Buried amidst the hundreds of pages that comprise the Consolidated Appropriations Act of 2014, the government-wide spending plan which the House essentially agreed to on January 15, 2014, are two little-noticed provisions related to the Central Intelligence Agency.
One provision would appropriate more than half a billion dollars for the Central Intelligence Agency Retirement and Disability Fund (the same budget level as last year), and the other provision would appropriate more than $528 million for the Intelligence Community Management Account (a drop of more than $12 million from last year.) Of course, the bulk of the nation’s intelligence budget is considered classified, and was not included in the public version of the Consolidated Appropriations Act of 2014.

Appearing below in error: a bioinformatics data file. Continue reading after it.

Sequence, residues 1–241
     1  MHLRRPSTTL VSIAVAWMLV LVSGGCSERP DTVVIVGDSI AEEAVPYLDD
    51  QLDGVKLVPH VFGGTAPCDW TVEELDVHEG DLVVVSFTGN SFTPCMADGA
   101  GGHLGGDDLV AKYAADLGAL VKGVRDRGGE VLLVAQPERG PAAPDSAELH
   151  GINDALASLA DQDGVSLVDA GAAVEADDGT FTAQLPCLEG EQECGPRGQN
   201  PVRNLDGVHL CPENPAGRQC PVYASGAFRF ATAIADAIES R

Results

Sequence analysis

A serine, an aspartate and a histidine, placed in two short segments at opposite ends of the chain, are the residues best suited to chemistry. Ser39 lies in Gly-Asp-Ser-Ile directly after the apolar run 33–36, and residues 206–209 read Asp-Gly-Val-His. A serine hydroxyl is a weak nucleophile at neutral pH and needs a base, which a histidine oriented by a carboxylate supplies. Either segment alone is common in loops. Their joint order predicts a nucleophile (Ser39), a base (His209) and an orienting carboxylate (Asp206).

Neither provision related to the CIA garnered much attention because the funding levels from previous years did not change dramatically.
The CIA retirement fund “for certain employees” was set up half a century ago by the Central Intelligence Agency Retirement Act of 1964 for Certain Employees. Under this law, first the Director of Central Intelligence (and more recently the Director of National Intelligence) has had the authority “in the interests of the security of the foreign intelligence activities of the United States” to protect the nation’s “intelligence sources and methods.” Presumably, this includes protecting the names of some of the individuals who are eligible to receive retirement benefits from this CIA fund. Furthermore, any decision by the Director “shall be final and conclusive and shall not be subject to review by any court.”
The Intelligence Community Management Account is an umbrella account that holds specialized programs that directly support the Director of National Intelligence and the Intelligence Community as a whole.